Just a few native plants that we are collecting dried seed from right now in late May are Winecups, Callirhoe species, Heals All, Prunella vulgaris,  Columbine, and Coreopsis lanceolata because it is one of the earliest Coreopsis and therefore almost finished its cycle.

Callirhoe seedhead
Callirhoe seeds

Winecups are one of the showiest natives because of their brilliant pink color.  They are also very deep-rooted, long-lived and resilient plants that can tolerate full, blasting roadside-type sun and poor soil.  They bloom over an extended period but as new flowers are still blooming, some seeds are already ready to collect.


Prunella, Heals-All or Self-Heal, has a long history and has become one of our favorite low spreading, perennial natives.  The flowers are nearly finished now and the flower bracts are drying in place almost ready to harvest for future sowings.

Prunella flower bract after drying








These dried bracts are very tenacious and hang on for a long time, unlike some other plants, so there’s no rush to collect….they will be there in a few weeks just the same and the drier ALL of the seedheads are,  the better for collecting and storing.

Columbine is a delightful and showy early Spring native for us.  Hinckley’s Columbine has large yellow blooms while Columbine canadensis has red and yellow smaller blooms.

Hinckley's columbine
Columbine canadensis








Either species has just about finished and many of their seedheads will be dry and ready to tip over and dump out shiny black seeds.

Columbine seedpod
Columbine seeds are shiny and black and pour right out of the dry pod

Lastly, if you were lucky enough to have been to one of our Native Plant Giveaways this Spring, you may have walked away with one of our earliest native Coreopsis species, C. lanceolata.

Lance-leafed Coreopsis has large, toothed, bright yellow flowers and makes a great show.  It’s dry seedheads pour out dozens of dark brown seeds when you turn them upside down. This is how they readily re-seed more plants into your garden and they will easily grow wherever you scatter them.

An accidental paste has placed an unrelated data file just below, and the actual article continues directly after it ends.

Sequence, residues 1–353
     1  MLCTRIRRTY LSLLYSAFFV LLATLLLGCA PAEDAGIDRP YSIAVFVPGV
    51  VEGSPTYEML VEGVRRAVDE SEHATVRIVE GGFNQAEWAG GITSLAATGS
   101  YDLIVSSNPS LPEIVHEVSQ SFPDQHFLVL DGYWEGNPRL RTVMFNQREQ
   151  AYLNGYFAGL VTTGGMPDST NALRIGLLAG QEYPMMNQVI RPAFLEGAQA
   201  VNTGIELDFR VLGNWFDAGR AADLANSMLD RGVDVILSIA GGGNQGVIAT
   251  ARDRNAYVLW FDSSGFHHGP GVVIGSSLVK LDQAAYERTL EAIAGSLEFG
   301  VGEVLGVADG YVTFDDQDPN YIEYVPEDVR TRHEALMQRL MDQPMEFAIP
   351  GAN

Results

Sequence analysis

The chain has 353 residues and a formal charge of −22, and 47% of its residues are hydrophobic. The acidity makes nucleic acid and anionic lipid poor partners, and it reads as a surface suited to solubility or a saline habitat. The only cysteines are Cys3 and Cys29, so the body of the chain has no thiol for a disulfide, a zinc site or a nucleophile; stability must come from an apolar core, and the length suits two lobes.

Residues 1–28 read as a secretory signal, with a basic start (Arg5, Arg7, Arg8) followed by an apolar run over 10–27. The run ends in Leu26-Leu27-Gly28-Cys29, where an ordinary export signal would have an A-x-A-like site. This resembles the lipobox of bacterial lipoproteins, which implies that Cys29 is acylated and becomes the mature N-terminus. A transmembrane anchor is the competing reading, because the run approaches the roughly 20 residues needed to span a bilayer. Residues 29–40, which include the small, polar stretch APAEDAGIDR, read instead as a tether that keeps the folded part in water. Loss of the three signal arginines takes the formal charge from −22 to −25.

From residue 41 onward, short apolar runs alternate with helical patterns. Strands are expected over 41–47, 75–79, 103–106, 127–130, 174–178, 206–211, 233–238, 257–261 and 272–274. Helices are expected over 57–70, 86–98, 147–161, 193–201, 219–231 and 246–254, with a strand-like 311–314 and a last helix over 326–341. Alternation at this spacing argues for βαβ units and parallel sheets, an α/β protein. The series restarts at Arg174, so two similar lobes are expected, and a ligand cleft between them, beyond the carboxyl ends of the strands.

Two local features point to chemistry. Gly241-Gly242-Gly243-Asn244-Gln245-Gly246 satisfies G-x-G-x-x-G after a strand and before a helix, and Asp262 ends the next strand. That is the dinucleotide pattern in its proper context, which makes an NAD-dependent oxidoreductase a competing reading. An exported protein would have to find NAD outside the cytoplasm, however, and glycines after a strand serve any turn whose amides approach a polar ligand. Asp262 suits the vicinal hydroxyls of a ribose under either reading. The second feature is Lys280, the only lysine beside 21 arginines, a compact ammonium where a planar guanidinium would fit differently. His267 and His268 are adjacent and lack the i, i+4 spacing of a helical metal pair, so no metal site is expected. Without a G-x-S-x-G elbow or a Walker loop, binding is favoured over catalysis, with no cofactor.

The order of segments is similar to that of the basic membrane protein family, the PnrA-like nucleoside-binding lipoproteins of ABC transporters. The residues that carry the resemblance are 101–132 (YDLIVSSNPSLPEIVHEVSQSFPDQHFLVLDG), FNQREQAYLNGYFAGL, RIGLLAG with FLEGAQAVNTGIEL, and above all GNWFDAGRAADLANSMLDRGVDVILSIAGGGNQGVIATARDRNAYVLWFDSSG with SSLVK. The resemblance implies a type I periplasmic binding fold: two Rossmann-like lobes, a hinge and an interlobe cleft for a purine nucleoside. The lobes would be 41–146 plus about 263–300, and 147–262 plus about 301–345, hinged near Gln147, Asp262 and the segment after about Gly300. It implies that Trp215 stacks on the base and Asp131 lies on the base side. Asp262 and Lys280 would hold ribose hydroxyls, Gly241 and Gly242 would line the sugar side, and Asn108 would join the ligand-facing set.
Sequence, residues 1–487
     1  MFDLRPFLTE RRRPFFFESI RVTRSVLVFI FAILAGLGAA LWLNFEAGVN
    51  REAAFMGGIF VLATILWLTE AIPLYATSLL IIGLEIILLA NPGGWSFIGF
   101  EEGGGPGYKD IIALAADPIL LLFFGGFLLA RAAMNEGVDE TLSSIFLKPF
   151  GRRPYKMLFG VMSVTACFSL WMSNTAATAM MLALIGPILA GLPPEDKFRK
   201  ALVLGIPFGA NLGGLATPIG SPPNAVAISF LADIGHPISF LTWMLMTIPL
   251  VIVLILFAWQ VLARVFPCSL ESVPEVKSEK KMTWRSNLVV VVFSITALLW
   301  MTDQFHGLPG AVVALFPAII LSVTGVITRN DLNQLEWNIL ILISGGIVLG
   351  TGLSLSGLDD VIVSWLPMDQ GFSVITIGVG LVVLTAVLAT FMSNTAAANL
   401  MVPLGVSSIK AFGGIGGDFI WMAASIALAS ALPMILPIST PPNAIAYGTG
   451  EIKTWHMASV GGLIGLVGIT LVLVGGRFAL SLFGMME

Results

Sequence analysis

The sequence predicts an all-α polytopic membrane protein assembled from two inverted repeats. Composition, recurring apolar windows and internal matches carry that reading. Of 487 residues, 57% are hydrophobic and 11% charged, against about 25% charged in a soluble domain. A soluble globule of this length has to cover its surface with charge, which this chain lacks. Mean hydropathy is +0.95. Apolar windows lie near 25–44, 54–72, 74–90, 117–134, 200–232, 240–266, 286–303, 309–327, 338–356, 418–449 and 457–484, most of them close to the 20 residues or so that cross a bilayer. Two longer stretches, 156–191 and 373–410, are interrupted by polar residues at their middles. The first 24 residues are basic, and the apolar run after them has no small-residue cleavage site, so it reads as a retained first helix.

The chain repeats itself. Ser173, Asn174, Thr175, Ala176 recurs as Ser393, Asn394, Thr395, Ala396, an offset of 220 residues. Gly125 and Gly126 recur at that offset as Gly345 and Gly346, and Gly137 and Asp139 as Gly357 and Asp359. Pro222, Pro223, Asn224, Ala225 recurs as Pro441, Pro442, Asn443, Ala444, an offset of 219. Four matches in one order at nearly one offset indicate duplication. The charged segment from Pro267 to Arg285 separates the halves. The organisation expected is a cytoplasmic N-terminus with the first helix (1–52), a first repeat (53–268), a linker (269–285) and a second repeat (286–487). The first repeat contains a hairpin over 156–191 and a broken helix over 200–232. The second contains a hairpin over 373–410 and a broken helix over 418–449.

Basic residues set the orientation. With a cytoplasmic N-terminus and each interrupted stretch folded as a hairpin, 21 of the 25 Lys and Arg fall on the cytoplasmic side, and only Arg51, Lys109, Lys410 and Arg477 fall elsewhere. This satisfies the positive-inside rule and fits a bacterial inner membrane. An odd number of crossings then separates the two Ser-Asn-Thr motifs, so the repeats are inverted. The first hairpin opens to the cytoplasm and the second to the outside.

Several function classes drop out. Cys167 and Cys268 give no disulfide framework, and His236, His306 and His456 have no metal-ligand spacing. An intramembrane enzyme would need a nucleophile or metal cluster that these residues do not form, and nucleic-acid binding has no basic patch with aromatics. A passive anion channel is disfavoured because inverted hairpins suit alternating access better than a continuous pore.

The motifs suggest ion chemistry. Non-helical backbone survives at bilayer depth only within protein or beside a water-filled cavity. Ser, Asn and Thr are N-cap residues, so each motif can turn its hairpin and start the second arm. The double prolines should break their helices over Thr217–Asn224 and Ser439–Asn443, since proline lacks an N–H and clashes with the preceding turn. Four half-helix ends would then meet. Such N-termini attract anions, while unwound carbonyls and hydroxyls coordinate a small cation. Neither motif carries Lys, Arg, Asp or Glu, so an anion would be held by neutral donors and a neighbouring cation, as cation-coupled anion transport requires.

Coreopsis lanceolata
Coreopsis seedhead








Seeds from Coreopsis spill out of the dried seedhead

There are so many more blooming plants to come in the next few months and surely many that might be ready now that we did not cover…..what are you collecting seeds from right now in your native garden?


We enjoy our Spring gardening season so much here in the deep Gulf South, but once we get to July and August and into the real dog days of summer, with near constant tropical deluges and sauna-like heat, our gardens can just look tired and not at their best.   Many of the garden plants we use for seasonal color and pizzazz don’t manage our summertime combination of heavy rainfall and oppressive temperatures very well, but as usual - there’s a native plant for that!

Some of the most dramatic and colorful native plants for our area, with flowers sometimes as much as 8-10” across, are our native hibiscus species.  These plants, in the Malvaceae family, also answer to common names like Rose Mallow, Swamp Rose Mallow, Crimson-eyed Mallow and yes, Marsh Mallow.  The genus Hibiscus includes four species (aculeatus, grandiflorus, lasiocarpos, and mosheutos) that are native to Louisiana plus H. coccineus that is native to the United States but perhaps not Louisiana.  Also garden worthy is Kosteletskya virginica, our native Saltmarsh Mallow.  Found naturally in moist to wet areas up the eastern seaboard from Louisiana to New Jersey, all of these easy-to-grow plants shine in the summer heat and thrive here in our gardens.